When you try to think radically it always appears to be an attack against some body.
I’ve heard things like: “Your work is contemptuous of the collector.” I don’t even think of the collector when I’m making my work! I mean, who is the collector? Our work talks about all of us being included in a really problematic position where social classes are not so operational anymore, where inequalities are extremely complicated, where what we have inherited of patriarchal society is damaging even the most radical communities. We are in a situation where you can’t point your finger at anyone. You actually have to think through the complexity of this new solitude. And I thought that’s what we were doing, but people feel insulted by it somehow. It’s extraordinary that it doesn’t create a community but on the contrary creates hostility.
Alexander Scrimgeour: Is it partly be cause the art world has become so big that it thinks of itself as a self-enclosed system?
Rory Rowan: I think there’s been a move more generally, as Fulvia mentioned, to reinforcing solitude. There’s a great pressure from many angles to individuate social problems. Social problems are increasing in complexity but there’s this demand that the individual takes the strain. Within critical theory but also, now, in the world of policy, there has been a move to think about how you would try to re-socialise some of the ill effects of individuation, to think about anxiety and depression as social rather than individual problems. This is quite difficult in an art context be cause there has been this huge fixation on the artist as an individual, heroic figure. We all know the image of the starving artist. Here it’s interesting to think about all the hope around collaborative art practices – although my worry is that actually many people want to work on an individual basis, which is totally legitimate and should be respected. Often there are very personal drives to make artwork and this doesn’t have to be understood in some old school romanticist way.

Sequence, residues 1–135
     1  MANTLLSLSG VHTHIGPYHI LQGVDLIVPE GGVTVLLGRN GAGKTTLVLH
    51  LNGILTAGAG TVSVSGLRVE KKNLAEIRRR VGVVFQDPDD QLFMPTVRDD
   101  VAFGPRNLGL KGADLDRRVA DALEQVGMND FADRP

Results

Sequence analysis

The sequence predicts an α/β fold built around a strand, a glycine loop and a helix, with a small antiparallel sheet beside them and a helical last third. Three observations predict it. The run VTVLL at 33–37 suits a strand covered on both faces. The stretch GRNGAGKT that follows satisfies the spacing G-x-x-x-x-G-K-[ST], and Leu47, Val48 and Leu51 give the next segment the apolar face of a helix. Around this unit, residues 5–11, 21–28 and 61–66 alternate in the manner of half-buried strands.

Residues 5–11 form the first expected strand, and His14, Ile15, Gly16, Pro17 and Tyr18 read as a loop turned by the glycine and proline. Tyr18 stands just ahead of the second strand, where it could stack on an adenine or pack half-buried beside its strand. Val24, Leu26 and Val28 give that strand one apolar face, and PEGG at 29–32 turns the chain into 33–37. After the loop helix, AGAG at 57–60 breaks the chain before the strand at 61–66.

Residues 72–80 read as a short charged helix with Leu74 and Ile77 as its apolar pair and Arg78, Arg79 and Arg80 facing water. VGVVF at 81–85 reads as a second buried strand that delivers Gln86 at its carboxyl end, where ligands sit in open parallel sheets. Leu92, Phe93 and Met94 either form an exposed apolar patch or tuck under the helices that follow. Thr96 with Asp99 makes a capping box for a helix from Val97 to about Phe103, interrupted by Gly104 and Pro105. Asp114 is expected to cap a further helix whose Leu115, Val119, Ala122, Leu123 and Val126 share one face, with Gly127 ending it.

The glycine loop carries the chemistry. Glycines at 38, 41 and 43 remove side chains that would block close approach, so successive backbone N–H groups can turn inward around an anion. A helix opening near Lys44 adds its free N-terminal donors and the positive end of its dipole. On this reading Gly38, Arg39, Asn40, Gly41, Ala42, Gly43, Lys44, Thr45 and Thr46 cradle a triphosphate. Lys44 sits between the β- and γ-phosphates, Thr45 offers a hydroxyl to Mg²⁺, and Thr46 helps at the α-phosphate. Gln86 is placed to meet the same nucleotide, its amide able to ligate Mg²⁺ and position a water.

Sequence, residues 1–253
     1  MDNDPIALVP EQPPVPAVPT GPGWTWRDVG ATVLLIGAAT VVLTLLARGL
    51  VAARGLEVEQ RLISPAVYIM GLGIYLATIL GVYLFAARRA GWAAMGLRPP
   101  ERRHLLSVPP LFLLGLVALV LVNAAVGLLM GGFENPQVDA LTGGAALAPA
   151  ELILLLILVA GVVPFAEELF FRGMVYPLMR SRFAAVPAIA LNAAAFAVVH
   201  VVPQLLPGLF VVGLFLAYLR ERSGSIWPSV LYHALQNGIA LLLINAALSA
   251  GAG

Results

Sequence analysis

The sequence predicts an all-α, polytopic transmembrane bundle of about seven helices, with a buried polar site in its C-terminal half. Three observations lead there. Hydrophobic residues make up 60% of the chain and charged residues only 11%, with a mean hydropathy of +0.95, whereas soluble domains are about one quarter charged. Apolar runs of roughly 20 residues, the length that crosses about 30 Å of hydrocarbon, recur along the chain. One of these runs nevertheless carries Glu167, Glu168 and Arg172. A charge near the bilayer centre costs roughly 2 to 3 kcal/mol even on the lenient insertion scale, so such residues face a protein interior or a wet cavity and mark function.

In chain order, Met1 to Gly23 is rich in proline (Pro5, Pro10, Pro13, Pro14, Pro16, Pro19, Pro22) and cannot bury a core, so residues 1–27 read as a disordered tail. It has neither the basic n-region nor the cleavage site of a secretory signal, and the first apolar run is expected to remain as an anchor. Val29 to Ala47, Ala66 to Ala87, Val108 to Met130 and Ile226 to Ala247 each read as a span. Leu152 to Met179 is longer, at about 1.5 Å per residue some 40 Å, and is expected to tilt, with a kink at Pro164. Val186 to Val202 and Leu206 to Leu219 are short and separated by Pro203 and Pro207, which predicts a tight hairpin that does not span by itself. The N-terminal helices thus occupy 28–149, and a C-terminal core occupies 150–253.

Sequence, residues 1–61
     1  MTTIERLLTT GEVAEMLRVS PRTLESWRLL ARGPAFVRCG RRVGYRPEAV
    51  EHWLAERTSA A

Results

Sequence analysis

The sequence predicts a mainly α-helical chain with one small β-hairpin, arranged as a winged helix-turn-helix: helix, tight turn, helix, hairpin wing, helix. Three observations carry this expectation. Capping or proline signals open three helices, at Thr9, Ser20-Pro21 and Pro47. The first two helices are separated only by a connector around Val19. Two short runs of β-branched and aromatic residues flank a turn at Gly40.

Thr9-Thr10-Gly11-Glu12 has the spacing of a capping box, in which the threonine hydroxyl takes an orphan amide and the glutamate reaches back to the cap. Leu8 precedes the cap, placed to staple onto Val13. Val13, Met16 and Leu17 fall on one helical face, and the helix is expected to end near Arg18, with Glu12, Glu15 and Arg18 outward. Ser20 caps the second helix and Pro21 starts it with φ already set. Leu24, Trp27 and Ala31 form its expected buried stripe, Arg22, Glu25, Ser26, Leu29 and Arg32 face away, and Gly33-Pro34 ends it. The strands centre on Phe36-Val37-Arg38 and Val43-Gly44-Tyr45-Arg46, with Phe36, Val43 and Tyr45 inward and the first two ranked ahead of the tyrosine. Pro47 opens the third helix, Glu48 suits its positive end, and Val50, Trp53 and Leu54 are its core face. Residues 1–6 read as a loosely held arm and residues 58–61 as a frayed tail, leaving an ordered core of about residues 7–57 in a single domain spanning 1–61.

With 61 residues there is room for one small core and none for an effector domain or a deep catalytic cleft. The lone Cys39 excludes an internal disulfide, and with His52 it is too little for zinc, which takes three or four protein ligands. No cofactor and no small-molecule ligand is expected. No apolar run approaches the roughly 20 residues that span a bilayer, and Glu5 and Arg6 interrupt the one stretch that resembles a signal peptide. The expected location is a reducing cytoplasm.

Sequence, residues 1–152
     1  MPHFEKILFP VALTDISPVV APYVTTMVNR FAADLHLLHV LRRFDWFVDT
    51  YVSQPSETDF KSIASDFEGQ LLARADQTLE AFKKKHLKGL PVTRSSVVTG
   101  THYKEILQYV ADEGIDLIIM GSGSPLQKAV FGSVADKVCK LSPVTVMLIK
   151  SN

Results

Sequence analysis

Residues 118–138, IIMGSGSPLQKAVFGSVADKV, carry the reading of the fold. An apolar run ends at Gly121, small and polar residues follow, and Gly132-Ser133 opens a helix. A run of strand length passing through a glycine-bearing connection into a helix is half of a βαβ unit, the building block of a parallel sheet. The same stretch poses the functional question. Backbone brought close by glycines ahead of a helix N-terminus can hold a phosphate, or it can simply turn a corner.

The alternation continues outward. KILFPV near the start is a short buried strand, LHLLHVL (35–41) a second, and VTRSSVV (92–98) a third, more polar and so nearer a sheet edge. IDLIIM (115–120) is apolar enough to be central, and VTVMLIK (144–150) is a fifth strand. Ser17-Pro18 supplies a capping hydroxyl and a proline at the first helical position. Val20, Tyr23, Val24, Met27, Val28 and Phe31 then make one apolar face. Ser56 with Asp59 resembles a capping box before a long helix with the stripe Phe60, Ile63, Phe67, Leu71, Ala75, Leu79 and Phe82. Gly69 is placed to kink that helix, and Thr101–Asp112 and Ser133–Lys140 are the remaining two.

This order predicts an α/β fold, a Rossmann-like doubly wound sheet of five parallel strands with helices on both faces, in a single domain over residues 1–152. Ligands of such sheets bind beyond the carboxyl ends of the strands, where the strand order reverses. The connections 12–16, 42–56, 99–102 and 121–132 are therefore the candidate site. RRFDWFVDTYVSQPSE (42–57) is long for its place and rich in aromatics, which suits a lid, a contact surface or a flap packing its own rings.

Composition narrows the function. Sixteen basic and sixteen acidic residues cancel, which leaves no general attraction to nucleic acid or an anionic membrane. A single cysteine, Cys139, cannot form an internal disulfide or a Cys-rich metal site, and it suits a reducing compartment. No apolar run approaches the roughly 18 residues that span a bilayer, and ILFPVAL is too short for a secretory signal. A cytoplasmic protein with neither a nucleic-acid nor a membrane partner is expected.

Fulvia Carnevale: It’s obvious that some people are fit to work together and others aren’t. My personal experience of collaboration is very singular too, like each experience is. Theoretical work is also very personal and I’m not sure that every teacher should publish a certain amount of articles every year because theoretical research takes a very long time: sometimes dozens of years go by and you’re still working hard on stuff, reading and thinking and really trying to formulate. And one day you get the illumination and you can actually put the thing into shape. The obligation to produce is an extreme violence.
Rory Rowan: This demand to produce obviously creates anxious subjects, and in academia you’re always meant to be producing but often you don’t have any time to think or digest things. So you make a shit product and everyone says: “That person’s shit! [laughter] There’s too much academic writing.” There is too much academic writing. There is too much art too. Not in the sense that I think it shouldn’t exist but it’s actually very damaging for what gets shown, what gets produced, and the emotional state of the people who produce things. There is no period of relief or release. And this reinforces a sort of individuated isolation that prevents us from being together, perhaps in new ways.
FULVIA CARNEVALE co-founded the collective Claire Fontaine with James Thornhill in 2014. Its practice can be described as an on- going interrogation of political impotence and the crisis of singularity that define contemporary society today. Recent exhibitions include „Happy for no reason“ at Carl Kostyal in London, „Love is never enough“ at Air de Paris, „Stop seeking approval“ at Metro Pictures in New York (2015). She lives in Paris.
RORY ROWAN is a postdoctoral researcher at the University of Zurich’s Political Geography Research Unit, where his work crosses the fields of geography, political theory, philosophy and the environmental humanities. He is co-author, with Claudio Minca, of On Schmitt and Space, 2015.
This discussion was part of a series of conversations on the changed conditions of art at Paris Internationale. In collaboration with the Fondation d’entreprise Ricard.